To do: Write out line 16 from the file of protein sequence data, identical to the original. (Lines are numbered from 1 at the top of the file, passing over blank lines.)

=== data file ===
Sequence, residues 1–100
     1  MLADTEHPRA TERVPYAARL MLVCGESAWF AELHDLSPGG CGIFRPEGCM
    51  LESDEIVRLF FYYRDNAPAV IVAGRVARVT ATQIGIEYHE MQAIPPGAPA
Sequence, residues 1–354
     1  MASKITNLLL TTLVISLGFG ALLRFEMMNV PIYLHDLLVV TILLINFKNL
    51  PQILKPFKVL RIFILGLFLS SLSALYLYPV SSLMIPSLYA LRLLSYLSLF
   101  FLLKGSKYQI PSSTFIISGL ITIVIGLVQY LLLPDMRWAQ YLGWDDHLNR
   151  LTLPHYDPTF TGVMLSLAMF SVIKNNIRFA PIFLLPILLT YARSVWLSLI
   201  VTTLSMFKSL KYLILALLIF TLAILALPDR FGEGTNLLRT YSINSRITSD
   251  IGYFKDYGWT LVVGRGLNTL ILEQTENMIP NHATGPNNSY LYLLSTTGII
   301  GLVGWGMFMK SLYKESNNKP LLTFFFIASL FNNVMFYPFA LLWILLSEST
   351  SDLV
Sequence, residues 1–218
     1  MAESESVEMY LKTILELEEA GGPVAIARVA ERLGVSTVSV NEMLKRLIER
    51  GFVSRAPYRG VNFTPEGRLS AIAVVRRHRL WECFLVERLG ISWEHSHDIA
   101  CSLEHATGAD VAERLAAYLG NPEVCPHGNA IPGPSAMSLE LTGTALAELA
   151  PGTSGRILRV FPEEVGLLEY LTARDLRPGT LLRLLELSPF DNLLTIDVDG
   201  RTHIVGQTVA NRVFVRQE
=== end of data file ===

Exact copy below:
   101  CSLEHATGAD VAERLAAYLG NPEVCPHGNA IPGPSAMSLE LTGTALAELA